Baxter Dury - The Night Chancers
2d ago (updated 1d ago)
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A new gem from our favourite English dandy, "The Night Chancer" offers an amazing walk between gutter funk and shallow indie pop. On the protest side of the British chessboard, there are the IDLES, on the other there is the poetic Baxter Dury, two aspects of the same culture, two facets of the same civilization, two different filthy atmospheres.

His humour, his way of not singing while singing, his sibylline poetry, his natural indolence which borders on casualness without falling into the pretencious "laissez-faire, I don't care" approach, make Baxter an unavoidable Indie pop figure (especially in France). A sort of David Bowie of the suburbs wearing a wrinkled suit. The guy you'd expect to meet, standing at the bar on the corner, siphoning off a glass of refreshing rosé. Baxter Dury is authentic. His music is not fantasized, he doesn't dream it by proxy, he embodies it and sublimates it without any cosmetic effect. Once again, he is able to approach all forms of popular music while preserving his own sound aesthetics and scathing songwriting.

If Baxter Dury is not the most incredible singer of his generation, with vocal performances sometimes quite limited, he is on the other hand one of the most formidable storytellers we have at the moment. Oh, not epic and powerful stories like the Nick Cave's ones, but rather the kind of little vignettes that the great Ray Davies knew how to create in the best era of the Kinks: a very simple but very accurate description of the state of society, or even of the human condition in this society. But the particularity of Baxter Dury's narrative art is his perfect mastery of the inner monologue, which allows him to recreate in a truly astonishing way the moods of his characters, to share with us in a few words the disaster of an existence or the simple mediocrity of banal thoughts. And this is GREAT ART!

Take "I'm not your Dog" for example, this excellent intro with melancholic electronic tints: "Some people like to show / Some people like to watch / I watch a bit too much / You show too much"... It's hard to make it simpler but also more efficient in the description of a love relationship meant to be ephemeral. Paradoxically, "Je ne suis pas ton chien" ("I'm not your dog") replaced the Stooges' "I wanna be your dog", being punk or not is no longer the question. This song, as short as it is perfect, clearly explains where the album's stakes are going to be: love relationships, this contemporary battlefield of post-modern societies. Dumped by his girlfriend at the time of "Miami" (the album that revealed him to the French audience), Baxter has taken his place in the game of seduction and humiliation, and he will tell us in detail all his strangest experiences or ideas...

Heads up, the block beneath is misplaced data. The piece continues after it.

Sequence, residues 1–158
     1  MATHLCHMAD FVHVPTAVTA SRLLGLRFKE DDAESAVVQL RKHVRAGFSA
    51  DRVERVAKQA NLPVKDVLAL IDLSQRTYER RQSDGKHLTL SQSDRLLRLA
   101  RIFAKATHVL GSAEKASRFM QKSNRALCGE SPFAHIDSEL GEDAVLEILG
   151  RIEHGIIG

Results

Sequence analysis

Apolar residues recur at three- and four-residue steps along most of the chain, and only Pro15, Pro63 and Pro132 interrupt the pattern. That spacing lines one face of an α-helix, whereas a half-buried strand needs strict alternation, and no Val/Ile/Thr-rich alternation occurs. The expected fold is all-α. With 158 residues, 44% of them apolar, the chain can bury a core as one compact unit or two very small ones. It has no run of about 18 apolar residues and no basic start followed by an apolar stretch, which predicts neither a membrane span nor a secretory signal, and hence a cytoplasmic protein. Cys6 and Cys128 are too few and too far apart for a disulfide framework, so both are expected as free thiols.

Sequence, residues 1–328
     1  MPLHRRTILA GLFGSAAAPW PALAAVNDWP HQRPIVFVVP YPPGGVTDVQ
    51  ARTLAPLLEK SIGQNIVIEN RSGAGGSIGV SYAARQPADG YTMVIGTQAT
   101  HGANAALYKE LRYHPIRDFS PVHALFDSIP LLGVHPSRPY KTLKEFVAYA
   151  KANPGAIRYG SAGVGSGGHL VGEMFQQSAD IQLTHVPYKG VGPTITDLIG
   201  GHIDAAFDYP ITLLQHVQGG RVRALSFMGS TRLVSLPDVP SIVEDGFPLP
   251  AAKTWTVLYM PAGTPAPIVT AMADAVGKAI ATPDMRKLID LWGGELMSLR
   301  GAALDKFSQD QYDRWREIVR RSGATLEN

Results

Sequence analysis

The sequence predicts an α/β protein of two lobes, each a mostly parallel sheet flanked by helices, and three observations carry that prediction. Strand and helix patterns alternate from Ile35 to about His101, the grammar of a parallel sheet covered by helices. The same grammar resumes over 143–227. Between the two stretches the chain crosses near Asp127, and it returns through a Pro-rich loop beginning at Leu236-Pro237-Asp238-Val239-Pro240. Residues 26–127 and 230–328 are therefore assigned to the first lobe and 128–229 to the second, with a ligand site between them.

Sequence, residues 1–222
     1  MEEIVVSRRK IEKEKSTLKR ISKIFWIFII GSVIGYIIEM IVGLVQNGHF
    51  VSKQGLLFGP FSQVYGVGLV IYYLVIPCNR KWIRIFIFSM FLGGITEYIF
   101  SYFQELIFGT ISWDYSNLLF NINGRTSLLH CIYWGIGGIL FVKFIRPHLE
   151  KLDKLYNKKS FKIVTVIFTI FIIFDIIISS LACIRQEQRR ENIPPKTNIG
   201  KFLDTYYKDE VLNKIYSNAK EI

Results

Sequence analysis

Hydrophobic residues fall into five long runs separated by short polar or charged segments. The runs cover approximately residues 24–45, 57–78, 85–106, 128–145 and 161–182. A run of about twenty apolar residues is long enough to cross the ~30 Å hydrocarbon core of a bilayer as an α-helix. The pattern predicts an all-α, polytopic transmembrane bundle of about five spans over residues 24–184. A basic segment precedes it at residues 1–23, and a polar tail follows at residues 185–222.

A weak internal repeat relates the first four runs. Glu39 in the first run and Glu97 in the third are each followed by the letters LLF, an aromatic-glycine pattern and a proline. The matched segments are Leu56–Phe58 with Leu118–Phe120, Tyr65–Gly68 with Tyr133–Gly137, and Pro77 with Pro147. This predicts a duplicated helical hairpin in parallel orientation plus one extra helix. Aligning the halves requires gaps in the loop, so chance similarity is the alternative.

... As in the extraordinary "Carla's got a boyfriend", who sees him spying on, and maybe even harassing his ex-girlfriend's new boyfriend: "Carla's got a boyfriend / Bit of designer hair / Sloppy facial looks / Carla's got a boyfriend / I might take care of him, to be honest / ... / Carla's got a Problem / Carla's got a Boyfriend / He looks like me ". Of course, it's infinitely funny, but in a way that's as sensual as it is profoundly sordid... which is exactly where Baxter Dury excels: in that casual but villainous, even downright shady elegance... And Baxter never shies away from the drop of brackish water that will make the moldy vase overflow, provided the result is hilarious. He puts pre-orgasmic feminine gasps on "Samurai", never hesitating in front of a efficiently presented profanity. But above all, behind the humor deployed like a shield, he looks in front of the reality of Love and Sex: it's not brilliant, but it doesn't matter in the end, since he can pilfer a few seconds of pleasure. And since we can also dance to these sexy and dramatic songs...

..Dancing, yes : because "The Night Chancers", sees Baxter Dury going more frankly for the groove than before... And enriching the sound palette of his songs with new instruments (the sax on "Hello, I'm Sorry"), new experiences (when the narrator almost adopts a hip-hop flow on "The Night Chancers"...).
Yet, at the end, I have to go back to where I started this review : to the words, to the stories, which are really the essence of Baxter Dury's Art, music being finally only a support. "Say Nothing", the last song of this record bordering squarely on the "concept-album", then gives us the best news ever: "Baxter loves you! ».

We love you too, Baxter! We love you!

Best tracks: "Not Your Dog", "Slumlord", "Saliva Hog", "Sleep People", "Carla's Got A Boyfriend", "The Night's Chancers", "Say Nothing".

Worst track: "Daylight"
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